One Down, and (A Big) One To Go...

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I have a very, very early flight out of Tulsa in the morning, but the postgame adrenaline is still flowing, so I figured I would jot down a few thoughts while they're fresh in my mind.


Tuesday night's 74-68 win at Tulsa does more than snap the Golden Hurricane's lengthy homecourt win streak (18 games) and improve BYU's record to an impressive 11-1; it helps to exorcise the demons that had begun to haunt this BYU Basketball team over the last couple of seasons.


Now, understand that BYU hasn't had many losses to begin with--only 18 since the start of the 2006-2007 season, with 63 wins in that time. So, before any nits are picked, let's all recognize what Dave Rose, his staff and players have accomplished in going 83-27 overall since Rose's BYU coaching tenure began.

But in most of BYU's most disappointing recent losses, a pattern had begun to emerge--a pattern that featured BYU going on the road, building a lead, often a big lead and often a late lead, and losing those leads and games. In games at Boise State, at UNLV (more than once), v. Xavier in the NCAA Tournament, v. Michigan State in SLC, at San Diego State and most recently v. Arizona State in Phoenix, the Cougars let games slip away in agonizingly similar ways, and a familiar scenario was beginning to unfold Tuesday night at the Reynolds Center. Then, the Cougars put recent history on hold and grabbed onto a game that was sliding out of their grasp.


Leading by 9 with under 5 minutes to play, BYU watched the lead narrow to three points, but from that point, the Cougars would not be denied, making 5 of 6 free throws while forcing a turnover and two Tulsa missed shots at the other end to deal the deal.


Only time will tell how good this BYU team will be, but there can be no better way to erase the painful memories of the ASU loss and prepare the Cougars for the conference battles to come than by dispatching Tulsa in the manner they did on Tuesday night.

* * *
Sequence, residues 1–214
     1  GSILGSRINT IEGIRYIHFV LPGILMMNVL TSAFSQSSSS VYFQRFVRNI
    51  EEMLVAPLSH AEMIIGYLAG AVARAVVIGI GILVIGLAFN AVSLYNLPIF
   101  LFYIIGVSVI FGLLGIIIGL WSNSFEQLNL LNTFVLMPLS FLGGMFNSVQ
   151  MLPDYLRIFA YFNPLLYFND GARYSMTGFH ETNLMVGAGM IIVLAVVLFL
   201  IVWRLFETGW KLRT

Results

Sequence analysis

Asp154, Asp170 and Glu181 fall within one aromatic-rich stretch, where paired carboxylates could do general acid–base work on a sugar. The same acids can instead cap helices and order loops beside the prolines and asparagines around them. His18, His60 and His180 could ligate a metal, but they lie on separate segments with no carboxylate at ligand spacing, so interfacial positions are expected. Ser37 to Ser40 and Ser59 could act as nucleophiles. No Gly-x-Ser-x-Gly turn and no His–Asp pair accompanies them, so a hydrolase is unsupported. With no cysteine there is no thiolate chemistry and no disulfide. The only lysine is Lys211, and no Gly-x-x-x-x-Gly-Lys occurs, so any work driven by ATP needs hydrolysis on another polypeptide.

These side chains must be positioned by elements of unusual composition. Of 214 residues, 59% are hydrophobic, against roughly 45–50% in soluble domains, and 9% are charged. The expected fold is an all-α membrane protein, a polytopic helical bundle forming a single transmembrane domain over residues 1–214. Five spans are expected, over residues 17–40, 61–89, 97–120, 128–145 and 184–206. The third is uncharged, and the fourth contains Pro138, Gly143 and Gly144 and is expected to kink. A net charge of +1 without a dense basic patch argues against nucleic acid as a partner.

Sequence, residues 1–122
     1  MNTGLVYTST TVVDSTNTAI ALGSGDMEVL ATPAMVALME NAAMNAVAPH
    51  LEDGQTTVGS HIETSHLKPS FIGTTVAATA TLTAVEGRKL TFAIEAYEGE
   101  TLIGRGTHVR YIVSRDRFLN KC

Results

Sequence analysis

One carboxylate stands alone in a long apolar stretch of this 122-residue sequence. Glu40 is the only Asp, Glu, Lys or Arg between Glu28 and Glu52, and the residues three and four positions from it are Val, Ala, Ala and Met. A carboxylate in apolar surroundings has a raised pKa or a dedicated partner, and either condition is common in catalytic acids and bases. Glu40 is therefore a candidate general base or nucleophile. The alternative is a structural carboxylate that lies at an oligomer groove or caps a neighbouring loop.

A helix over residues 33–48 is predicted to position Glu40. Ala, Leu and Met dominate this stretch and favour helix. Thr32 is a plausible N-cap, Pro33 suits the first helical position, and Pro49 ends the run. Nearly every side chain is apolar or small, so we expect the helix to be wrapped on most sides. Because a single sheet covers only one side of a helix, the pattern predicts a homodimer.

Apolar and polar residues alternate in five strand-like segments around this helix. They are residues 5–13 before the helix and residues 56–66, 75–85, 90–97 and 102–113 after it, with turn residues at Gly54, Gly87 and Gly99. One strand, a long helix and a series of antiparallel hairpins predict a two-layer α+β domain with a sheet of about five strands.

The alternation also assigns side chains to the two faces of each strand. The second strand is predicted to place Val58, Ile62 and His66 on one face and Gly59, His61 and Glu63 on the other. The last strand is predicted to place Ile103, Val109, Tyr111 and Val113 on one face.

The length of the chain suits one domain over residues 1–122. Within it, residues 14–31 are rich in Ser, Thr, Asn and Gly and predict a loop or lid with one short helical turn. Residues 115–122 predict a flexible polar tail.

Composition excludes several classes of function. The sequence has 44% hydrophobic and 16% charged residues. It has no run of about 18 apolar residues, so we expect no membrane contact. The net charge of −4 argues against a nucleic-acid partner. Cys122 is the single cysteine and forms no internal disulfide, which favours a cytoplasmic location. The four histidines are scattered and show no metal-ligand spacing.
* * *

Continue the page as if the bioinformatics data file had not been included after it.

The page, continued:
BYU won by shooting a typically good number (53%), but many other things about BYU's victory were atypical. A BYU team assisting on 63% of its made field goals had assists on only 9 of 28 shots made at Tulsa. A BYU team leading the MWC and nationally-ranked in the top 10 in assist-to-turnover ratio had 13 miscues (a conservative accounting) to go with those 9 helpers. A BYU team averaging more than 8 made three-pointers per game went 3 for 12 from the arc. And a BYU team that allows an average of only 55 shots per game saw Tulsa shoot 72 times--19 more shots than the Cougars hoisted on the night (thanks in large part to TU's 15 offensive rebounds).

In the end, BYU grabbed just enough defensive rebounds, got just enough meaningful minutes from guys like Charles Abouo (sesaon-high 25 minutes in place of an injured Jackson Emery) and big enough nights from the Big Three (Cummard-26 points, Tavernari-20 and Fredette 13) to gut out a huge win over a Tulsa team that last lost a nonconference game in the Reynolds Center almost 3 years ago.


And, oh yes, chalk up another "bounce-back" win for Dave Rose and the Cougars. Since Rose became head coach, BYU has lost 21 regular season games. BYU has followed 20 of those losses with a win in the next game. I cannot emphasize this enough: under Rose, BYU's longest regular-season losing skid is two games, and that has happened exactly once. To quote the Beastie Boys, "that's it, that's all, that's all there is."


Next up for the Cougars (up to 34th on as of this writing): the 6th-ranked Wake Forest Demon Deacons on Saturday night in Provo. It is one of the nation's top three marquee matchups of that day, featuring teams with a combined record of 23-1 coming in.

More to come on that one after I get back in town...


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